|Diocese Lax in Case
of Priest, Group Says
By Shirley Ragsdale
Des Moines Register
September 21, 2004
A national victims advocacy group is again criticizing the Davenport Catholic Diocese, this time for failing to do more about a priest who left a pedophile treatment center and is living near an elementary school in St. Louis.
The Rev. William Wiebler, 72, who has been named in four lawsuits as a Davenport diocese priest who molested boys in the 1970s and 1980s, left a St. Louis-area Catholic treatment center in May and has been living in an apartment complex about a block away from an elementary school, the St. Louis Post-Dispatch reported last week.Neighbors described Wiebler as "quite eccentric," "overly friendly and enthusiastic" and "bizarre," and said he was often seen wearing a thin "robe-like thing" around the building, according to the Post-Dispatch.
David Clohessy, executive director of Survivors Network of those Abused by Priests, known as SNAP, on Monday faxed and e-mailed a letter to Bishop William Franklin. Clohessy accused the bishop of reneging on his responsibility to get Wiebler back into the St. John Vianney Renewal Center and to warn families in Wiebler's University City neighborhood.Last Thursday, members of the St. Louis SNAP chapter, including Clohessy, handed out leaflets door-to-door in Wiebler's neighborhood, warning residents about the priest who looked like Santa Claus.
"Kids are safest when these guys are locked up," Clohessy said. "Research has proven that a pedophile rarely stops molesting."
Rob McMonagle , an attorney for the Davenport diocese, said Bishop Franklin's options in disciplining Wiebler are limited."This is a free country, and he (Wiebler) is a free man, not subject to any criminal sanctions," said McMonagle. "He has been removed from active ministry. We have no control over the man. There is nothing we can do other than encourage him to get the treatment he obviously requires.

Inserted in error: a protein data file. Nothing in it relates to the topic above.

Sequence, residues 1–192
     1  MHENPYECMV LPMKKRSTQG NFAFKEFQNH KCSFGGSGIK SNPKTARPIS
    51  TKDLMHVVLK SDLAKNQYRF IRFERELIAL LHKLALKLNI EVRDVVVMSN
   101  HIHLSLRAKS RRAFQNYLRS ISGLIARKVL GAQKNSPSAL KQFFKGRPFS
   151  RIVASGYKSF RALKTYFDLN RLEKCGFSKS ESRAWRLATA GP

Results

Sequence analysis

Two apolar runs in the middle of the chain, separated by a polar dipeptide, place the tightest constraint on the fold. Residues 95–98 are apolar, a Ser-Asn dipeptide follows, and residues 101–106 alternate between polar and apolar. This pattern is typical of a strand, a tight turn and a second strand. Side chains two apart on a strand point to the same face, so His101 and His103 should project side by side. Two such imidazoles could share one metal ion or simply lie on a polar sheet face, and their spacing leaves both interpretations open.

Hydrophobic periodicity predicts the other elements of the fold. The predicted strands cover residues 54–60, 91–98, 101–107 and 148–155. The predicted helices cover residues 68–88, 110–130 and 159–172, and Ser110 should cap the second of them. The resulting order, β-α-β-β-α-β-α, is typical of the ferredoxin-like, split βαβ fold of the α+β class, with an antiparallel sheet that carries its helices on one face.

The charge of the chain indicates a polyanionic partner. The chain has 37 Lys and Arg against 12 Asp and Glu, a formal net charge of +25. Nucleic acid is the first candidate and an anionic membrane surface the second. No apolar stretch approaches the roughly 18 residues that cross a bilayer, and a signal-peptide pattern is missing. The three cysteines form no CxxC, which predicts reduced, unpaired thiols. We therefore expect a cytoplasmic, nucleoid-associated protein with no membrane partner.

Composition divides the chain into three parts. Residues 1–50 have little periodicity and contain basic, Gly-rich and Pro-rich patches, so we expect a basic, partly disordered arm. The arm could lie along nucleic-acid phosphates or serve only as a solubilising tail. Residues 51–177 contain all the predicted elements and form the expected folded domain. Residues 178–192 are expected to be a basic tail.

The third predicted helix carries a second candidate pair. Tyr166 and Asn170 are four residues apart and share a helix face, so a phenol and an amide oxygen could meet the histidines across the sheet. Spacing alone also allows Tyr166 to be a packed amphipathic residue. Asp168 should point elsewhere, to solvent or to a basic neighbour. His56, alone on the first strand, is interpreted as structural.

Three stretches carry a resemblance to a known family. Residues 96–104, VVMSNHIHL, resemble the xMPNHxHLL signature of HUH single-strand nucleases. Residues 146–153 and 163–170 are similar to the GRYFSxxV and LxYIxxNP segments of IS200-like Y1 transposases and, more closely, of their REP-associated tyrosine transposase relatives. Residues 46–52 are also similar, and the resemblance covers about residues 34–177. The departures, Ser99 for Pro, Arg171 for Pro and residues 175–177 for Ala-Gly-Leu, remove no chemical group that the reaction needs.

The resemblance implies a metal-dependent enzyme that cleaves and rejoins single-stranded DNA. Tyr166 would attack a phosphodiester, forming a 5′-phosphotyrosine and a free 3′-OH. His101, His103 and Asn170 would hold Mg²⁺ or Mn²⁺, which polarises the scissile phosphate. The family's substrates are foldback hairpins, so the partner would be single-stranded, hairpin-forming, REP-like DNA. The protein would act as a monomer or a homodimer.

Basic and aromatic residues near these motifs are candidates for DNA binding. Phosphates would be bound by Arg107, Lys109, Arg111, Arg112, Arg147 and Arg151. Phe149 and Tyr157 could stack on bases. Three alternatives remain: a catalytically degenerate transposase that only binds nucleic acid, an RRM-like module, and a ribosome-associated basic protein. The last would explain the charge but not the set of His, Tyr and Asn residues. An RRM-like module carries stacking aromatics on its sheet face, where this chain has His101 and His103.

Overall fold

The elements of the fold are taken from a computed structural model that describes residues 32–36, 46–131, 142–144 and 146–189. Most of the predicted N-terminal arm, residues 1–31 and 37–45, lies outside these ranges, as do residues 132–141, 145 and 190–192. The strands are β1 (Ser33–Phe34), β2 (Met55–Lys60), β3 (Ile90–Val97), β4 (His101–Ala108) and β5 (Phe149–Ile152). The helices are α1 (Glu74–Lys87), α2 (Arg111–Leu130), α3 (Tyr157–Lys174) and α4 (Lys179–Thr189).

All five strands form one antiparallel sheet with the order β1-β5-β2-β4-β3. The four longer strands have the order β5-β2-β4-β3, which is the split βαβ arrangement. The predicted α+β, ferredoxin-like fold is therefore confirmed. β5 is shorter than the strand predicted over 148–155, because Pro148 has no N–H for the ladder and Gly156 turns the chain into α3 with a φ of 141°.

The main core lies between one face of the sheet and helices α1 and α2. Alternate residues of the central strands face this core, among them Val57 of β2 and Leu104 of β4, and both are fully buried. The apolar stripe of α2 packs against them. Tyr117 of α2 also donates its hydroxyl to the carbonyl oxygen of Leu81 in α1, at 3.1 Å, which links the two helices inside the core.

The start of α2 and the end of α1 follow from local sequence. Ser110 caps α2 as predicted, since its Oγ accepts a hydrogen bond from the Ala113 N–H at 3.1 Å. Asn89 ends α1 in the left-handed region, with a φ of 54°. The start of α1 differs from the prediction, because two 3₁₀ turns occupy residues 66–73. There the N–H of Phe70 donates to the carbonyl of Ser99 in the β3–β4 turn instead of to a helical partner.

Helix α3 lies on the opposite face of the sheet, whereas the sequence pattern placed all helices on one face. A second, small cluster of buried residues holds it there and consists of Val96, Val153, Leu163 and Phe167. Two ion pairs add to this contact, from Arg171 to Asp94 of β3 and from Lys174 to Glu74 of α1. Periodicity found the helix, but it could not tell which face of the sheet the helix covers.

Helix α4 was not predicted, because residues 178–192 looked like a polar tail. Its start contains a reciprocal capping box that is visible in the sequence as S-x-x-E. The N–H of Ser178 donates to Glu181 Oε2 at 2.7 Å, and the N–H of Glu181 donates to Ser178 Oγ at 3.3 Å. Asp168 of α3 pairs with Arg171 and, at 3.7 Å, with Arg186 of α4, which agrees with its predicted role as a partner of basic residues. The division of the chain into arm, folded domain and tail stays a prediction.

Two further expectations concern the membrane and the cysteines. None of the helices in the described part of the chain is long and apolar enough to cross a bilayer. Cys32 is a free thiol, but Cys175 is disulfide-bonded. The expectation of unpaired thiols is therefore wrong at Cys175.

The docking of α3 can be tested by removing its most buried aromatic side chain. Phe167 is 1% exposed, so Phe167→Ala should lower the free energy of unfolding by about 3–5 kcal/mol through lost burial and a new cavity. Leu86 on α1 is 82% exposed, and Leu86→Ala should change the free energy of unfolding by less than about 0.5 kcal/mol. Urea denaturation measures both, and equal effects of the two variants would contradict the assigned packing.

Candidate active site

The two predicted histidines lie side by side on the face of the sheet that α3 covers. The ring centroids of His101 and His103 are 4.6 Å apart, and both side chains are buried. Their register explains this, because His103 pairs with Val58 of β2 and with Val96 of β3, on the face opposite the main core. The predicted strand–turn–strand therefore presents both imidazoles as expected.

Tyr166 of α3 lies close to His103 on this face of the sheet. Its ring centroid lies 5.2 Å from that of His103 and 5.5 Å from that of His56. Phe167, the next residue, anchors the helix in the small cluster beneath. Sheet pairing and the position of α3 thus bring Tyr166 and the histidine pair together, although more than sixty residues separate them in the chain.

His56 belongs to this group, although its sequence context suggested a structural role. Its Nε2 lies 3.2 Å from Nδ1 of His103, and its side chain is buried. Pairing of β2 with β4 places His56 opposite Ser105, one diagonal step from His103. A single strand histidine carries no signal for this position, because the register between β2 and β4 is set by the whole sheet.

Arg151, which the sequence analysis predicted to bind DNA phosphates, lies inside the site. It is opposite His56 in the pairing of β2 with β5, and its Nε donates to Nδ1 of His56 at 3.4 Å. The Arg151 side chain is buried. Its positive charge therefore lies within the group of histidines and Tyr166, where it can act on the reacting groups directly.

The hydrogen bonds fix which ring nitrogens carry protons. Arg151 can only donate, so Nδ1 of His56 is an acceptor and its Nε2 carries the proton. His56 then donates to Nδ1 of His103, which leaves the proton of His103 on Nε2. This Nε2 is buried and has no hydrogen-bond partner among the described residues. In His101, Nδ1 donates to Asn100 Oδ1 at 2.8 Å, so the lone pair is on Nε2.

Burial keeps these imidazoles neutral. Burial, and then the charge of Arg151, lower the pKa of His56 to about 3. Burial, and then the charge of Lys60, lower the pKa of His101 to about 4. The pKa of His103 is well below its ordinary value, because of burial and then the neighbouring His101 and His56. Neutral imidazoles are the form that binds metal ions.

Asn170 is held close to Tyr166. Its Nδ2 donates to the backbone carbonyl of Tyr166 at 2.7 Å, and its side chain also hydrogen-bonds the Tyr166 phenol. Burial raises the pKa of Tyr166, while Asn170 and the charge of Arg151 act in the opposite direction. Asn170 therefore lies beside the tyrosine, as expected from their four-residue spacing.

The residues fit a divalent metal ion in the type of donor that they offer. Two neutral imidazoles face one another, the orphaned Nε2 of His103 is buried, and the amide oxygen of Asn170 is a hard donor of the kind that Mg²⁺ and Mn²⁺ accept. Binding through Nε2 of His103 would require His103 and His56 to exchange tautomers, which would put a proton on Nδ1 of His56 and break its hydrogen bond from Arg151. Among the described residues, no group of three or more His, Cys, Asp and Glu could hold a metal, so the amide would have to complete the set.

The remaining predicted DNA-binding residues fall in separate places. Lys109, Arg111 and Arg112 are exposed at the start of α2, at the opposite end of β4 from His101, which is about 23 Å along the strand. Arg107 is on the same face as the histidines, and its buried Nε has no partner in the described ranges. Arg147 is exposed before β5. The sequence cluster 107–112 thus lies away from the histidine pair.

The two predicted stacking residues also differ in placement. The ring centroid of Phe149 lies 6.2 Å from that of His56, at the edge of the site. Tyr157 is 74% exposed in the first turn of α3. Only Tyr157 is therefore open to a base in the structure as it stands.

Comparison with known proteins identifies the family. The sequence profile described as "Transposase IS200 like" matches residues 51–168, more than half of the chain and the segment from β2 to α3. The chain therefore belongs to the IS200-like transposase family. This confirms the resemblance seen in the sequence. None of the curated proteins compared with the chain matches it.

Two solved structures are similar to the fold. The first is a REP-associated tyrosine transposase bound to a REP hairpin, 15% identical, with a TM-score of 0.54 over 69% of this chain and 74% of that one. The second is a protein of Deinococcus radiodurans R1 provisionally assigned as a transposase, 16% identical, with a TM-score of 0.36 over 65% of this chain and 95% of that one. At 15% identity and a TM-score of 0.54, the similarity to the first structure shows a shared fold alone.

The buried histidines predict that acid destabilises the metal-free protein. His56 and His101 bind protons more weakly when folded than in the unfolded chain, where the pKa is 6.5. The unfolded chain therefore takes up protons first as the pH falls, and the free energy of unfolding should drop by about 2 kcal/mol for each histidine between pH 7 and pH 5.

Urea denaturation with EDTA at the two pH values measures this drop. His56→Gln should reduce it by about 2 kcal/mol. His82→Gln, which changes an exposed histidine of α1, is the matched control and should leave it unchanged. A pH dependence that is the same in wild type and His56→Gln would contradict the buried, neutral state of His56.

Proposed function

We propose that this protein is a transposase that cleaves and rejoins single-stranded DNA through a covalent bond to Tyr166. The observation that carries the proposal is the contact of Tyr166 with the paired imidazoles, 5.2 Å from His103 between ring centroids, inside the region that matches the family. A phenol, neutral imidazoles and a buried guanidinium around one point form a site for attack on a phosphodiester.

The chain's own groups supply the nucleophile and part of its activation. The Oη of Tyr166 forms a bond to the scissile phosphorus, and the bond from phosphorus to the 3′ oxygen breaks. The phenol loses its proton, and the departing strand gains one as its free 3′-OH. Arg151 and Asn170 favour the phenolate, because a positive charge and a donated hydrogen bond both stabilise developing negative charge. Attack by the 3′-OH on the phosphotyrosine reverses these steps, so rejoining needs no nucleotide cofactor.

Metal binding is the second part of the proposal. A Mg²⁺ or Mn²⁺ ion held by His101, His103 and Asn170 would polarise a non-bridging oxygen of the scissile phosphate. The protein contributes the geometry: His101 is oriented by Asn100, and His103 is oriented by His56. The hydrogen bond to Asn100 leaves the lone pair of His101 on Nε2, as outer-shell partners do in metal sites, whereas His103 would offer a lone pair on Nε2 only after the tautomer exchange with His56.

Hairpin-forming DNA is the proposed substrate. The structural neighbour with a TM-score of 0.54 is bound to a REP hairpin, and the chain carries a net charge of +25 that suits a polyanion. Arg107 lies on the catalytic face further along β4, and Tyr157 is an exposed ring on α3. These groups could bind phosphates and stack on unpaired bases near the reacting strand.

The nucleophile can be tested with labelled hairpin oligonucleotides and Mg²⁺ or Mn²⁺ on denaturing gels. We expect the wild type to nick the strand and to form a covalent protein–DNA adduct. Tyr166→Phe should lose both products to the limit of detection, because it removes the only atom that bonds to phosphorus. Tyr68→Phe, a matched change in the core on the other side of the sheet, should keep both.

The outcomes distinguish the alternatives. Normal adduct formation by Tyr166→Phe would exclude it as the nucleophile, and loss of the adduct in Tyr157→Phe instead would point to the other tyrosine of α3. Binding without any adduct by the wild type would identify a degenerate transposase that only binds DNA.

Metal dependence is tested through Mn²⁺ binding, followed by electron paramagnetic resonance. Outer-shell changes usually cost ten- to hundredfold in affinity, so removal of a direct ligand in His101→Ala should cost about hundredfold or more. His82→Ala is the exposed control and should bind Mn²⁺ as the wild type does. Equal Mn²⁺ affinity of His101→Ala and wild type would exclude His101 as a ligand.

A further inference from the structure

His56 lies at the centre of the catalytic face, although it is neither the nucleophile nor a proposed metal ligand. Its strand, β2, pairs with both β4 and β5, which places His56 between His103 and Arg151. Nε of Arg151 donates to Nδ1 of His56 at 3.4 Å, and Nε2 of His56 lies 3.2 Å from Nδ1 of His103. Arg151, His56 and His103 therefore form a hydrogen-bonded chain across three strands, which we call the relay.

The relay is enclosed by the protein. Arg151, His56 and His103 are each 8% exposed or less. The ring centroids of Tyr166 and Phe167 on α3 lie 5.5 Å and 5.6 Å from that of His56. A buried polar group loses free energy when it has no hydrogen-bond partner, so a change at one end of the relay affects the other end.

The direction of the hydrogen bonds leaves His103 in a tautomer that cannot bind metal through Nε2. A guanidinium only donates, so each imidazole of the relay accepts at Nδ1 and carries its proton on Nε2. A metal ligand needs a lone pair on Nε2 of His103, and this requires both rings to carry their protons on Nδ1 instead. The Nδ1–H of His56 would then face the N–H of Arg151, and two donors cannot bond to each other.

"There is no dungeon in the bottom of the chancery."
Wiebler, who retired in 1991, is one of five priests that Franklin has recommended be permanently removed from the priesthood because of credible sexual abuse allegations against them. The Vatican, deluged with such requests from U.S. dioceses, has not ruled on the Davenport requests.Wiebler in 2002 admitted sexually abusing boys, according to the diocese, although the allegations are old enough that he is no longer subject to criminal prosecution. Wiebler is not required to register as a sex offender in Missouri because he has never been convicted of any sexual crime.
When the report of Wiebler surfaced, Davenport diocesan officials said that they didn't know where he was living but that they thought he was receiving outpatient treatment.However, the Rev. Peter Lechner, director of St. John Vianney, told the Post-Dispatch that the center did not offer outpatient treatment. The center has a strict policy against leaving the campus, "but we don't have the power to actually make them stay, " he said.
Neighbors said Wiebler moved into his apartment in May. St. Louis County prosecutor Robert McCulloch said Davenport diocese lawyer Rand Wonio notified him July 7 that Wiebler had left the treatment center and that he was living in University City. The Archdiocese of St. Louis said it was informed of Wiebler's presence on Sept. 10 by Irene Loftus, a Davenport diocesan official.
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